Magazine article USA TODAY

Girodet: France's Romantic Rebel

Magazine article USA TODAY

Girodet: France's Romantic Rebel

Article excerpt

ANNE-LOUIS GIRODET de Roussy-Trioson, or Girodet as he commonly is referred to, was much admired in his own time, although he is not especially well known to the American public. Girodet (1767-1824) was a painter of genius, but also a rebel bent on confounding expectations. His literary sophistication, preference for the bizarre, and ambiguous eroticism, as well as the mysteries surrounding his life and relations, have remained a source of fascination and bewilderment. Girodet created a painting style very much his own--combining intellectual refinement and sensuality.

Girodet's career was shaped profoundly by the dramatic social and political upheaval brought about by the French Revolution, which ignited in 1789. A rebellious pupil of Jacques-Louis David during the 1780s, Girodet early on developed his own idiosyncratic style. David's Neoclassicism, the prevalent artistic movement of this period, was intended--in its antique subjects and rigid style--to invoke the stoic ideals of Republican or Imperial Rome. The young Girodet approached such subjects and worked in this manner on propagandistic history paintings.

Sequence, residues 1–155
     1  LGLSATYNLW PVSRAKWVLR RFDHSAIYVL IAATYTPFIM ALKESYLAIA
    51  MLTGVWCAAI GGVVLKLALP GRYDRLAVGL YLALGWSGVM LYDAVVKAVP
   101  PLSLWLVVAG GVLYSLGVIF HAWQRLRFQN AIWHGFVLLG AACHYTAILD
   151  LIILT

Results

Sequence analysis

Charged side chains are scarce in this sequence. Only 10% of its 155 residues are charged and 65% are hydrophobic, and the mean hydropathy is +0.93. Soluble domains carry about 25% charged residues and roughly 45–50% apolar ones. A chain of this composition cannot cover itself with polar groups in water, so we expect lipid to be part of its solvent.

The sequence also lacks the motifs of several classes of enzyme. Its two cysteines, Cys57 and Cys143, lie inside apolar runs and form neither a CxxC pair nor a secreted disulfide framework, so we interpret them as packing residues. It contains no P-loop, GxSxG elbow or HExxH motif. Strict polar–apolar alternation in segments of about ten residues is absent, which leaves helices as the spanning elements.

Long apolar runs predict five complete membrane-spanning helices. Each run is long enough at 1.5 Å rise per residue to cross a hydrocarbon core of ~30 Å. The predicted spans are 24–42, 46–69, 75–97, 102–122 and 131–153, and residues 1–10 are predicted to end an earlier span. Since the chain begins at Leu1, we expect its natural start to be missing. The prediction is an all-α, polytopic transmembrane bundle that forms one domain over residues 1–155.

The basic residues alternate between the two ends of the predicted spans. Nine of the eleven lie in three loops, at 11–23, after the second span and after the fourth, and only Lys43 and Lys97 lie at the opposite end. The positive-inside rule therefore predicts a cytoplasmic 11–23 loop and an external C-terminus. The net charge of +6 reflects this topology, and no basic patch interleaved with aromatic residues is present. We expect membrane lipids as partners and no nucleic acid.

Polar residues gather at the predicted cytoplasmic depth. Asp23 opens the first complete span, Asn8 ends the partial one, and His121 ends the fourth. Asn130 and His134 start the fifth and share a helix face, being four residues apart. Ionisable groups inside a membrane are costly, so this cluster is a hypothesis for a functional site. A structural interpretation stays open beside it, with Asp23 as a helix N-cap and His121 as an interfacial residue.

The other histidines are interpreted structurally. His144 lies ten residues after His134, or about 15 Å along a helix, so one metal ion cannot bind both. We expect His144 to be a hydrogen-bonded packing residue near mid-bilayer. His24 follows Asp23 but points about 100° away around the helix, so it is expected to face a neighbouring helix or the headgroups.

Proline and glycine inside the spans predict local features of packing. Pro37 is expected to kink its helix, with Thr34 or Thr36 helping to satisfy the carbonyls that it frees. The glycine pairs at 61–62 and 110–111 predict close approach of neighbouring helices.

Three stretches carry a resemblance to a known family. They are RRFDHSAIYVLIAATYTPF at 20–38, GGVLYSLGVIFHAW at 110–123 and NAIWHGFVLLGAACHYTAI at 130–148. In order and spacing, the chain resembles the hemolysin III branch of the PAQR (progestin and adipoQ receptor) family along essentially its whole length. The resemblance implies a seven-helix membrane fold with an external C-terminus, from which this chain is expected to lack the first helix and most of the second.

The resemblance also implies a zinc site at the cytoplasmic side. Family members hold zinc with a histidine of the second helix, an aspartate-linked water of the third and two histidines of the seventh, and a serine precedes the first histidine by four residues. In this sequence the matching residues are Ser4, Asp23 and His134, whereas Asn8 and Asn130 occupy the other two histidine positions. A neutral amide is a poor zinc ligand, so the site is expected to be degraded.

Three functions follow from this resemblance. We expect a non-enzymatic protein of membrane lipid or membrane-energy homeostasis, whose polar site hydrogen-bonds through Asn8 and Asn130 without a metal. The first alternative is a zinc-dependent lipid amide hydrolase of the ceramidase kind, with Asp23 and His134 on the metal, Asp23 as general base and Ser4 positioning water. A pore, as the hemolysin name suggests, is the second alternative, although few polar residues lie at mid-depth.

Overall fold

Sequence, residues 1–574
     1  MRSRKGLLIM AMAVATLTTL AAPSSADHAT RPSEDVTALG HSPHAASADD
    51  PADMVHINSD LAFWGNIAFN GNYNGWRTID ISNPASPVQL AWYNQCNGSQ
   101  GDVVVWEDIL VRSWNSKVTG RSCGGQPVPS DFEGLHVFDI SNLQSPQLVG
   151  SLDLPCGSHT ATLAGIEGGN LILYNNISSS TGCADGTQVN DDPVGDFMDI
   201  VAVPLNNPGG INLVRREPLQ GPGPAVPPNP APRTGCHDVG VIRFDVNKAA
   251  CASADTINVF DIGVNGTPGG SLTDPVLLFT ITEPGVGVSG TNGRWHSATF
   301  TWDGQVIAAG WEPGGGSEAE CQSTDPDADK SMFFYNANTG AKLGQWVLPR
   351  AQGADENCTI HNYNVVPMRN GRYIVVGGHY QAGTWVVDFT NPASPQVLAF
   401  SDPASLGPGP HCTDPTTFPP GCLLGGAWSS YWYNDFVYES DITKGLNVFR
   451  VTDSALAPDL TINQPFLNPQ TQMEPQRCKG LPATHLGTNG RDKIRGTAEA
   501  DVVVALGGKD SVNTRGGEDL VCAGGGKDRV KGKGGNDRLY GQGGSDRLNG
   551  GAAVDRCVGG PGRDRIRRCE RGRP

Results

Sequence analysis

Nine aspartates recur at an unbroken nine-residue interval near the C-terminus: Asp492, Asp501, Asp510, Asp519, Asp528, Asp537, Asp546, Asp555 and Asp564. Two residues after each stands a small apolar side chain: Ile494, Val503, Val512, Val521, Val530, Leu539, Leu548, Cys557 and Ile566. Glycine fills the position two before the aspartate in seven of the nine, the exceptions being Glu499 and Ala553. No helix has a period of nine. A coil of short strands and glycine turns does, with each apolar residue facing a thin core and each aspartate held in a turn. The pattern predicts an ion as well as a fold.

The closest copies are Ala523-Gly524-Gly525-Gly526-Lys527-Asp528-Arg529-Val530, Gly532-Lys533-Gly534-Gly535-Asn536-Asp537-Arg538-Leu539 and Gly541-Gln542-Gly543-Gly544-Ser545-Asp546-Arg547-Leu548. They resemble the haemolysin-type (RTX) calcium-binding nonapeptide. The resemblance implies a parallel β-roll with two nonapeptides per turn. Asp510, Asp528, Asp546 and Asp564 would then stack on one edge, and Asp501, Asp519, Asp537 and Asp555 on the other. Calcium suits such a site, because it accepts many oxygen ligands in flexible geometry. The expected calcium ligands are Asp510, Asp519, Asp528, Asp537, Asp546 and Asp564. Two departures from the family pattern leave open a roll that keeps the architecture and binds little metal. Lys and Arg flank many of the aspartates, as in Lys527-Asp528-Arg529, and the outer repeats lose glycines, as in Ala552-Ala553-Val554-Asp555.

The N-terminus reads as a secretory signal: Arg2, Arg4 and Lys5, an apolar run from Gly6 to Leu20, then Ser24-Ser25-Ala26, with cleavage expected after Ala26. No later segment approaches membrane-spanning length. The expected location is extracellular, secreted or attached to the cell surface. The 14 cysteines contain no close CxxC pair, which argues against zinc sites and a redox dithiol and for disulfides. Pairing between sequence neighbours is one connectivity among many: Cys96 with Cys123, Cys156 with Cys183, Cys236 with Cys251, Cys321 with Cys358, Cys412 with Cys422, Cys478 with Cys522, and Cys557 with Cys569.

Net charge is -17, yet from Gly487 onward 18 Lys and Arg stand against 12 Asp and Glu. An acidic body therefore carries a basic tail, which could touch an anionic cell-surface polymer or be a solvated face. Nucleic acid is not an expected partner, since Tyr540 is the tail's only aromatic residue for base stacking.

After a period of study and practice in Rome, he broke free of his teacher's influence, creating highly imaginative compositions that he hoped would surpass David in their intensity of artistic expression. He asserted his independence in an austere "Pieta" (1790), painted from a provincial monastery. His final break with David, however, manifested itself in the mythological "The Sleep of Endymion" (1791), exhibited to great acclaim at the Paris Salon in 1793.

Girodet continued to eschew the rationalism of the Neoclassical style in which he was trained in favor of a more imaginative mode, ranging from the spectral vision of "Ossian Receiving the Ghosts of the French Heroes" (1801), commissioned for Napoleon's retreat at Malmaison, to the apocalyptic "Scene from a Deluge" (1806). This monumental canvas, depicting three generations of a family balanced precariously over floodwaters, secured Girodet's ultimate triumph over David--in 1810, it was named the best history painting of the decade over David's "Intervention of the Sabine Women" (1799).

Like many of David's students, Girodet commemorated Napoleon's regime in portraits as well as history paintings. …

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